Now, back to the question:

what appreciation rate?) determines the change of selection from a "stable" to an "increasing" market on page 1?

I have argued this point with some pretty good instructors and I have come to this conclusion. If the typical appreciation rate of real estate in the marketing area (found by research of sales and resales, beware of just using the list price to sale price ratio) is higher than inflation, or CPI then property values are increasing. Likewise, if the real estate appreciation rate is near the same as inflation, as it is in my market, then values are stable. (We don't want to think about declining, but, of course, it could happen.)

The logic for this line of reasoning is econ 101. If the homeowner is making a real profit, after inflation, then it is logical to think of their property as having increased in value. But, even if the numerical value of the house increases, there is no actual increase in value unless that increase outstrips the cost of living. It is the same logic you would use to determine the increase in any investment.
 

Elliott

Elite Member
Joined
Apr 23, 2002
Professional Status
Certified General Appraiser
State
Oregon
So if its widely known that the market is inflating at 10%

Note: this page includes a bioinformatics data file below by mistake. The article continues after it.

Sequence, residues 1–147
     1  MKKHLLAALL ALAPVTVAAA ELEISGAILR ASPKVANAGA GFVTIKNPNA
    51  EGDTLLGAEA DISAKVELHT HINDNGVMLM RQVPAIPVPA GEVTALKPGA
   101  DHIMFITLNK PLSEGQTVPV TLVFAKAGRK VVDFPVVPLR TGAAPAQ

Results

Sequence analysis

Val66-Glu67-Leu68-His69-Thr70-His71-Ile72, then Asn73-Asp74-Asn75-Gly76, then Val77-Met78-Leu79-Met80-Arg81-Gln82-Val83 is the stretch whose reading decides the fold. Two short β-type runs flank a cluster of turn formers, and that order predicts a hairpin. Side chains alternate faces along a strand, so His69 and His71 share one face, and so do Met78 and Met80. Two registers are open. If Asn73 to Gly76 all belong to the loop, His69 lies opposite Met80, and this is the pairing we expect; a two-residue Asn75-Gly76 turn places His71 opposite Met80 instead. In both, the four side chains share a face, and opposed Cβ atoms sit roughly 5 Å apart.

a year, and the statistics support it, and the market
expects it.... so you inflated your sales
to reflect the magical freight train increase....and then
the market changes and goes down.
Haven't you dis-serviced your client??

It seems to me its like stock analysts who are
bullish...and say, look the market's been going
up 20% a year from 1993 to 2000, so its reasonable
to assume that there is some built-in percentage
in the market. That didn't work out did it.

I still think its essentially a mistake to adjust sales
for time for residential purposes, especially in an
"active market." Its not prudent when your dealing
with other peoples money.

elliott
 

Mike Garrett RAA

Elite Member
Gold Supporting Member
Joined
Jan 14, 2002
Professional Status
Certified Residential Appraiser
State
Colorado
Good response, Steve, and I agree with most of what you have said. The exception would be your selection of a single property that has sold twice within, say, a years time period. Almost without exception these are not "typical transactions".

1. The property was purchased by an investor, usually below the market, and renovated. It is not the same or in the same condition at the time of both sales.

2. Divorce. We see this quite often. The stress of a new home both emotionally and economically is often too much and the marriage doesn't make it through the first year of home ownership. Bingo, a distressed sale.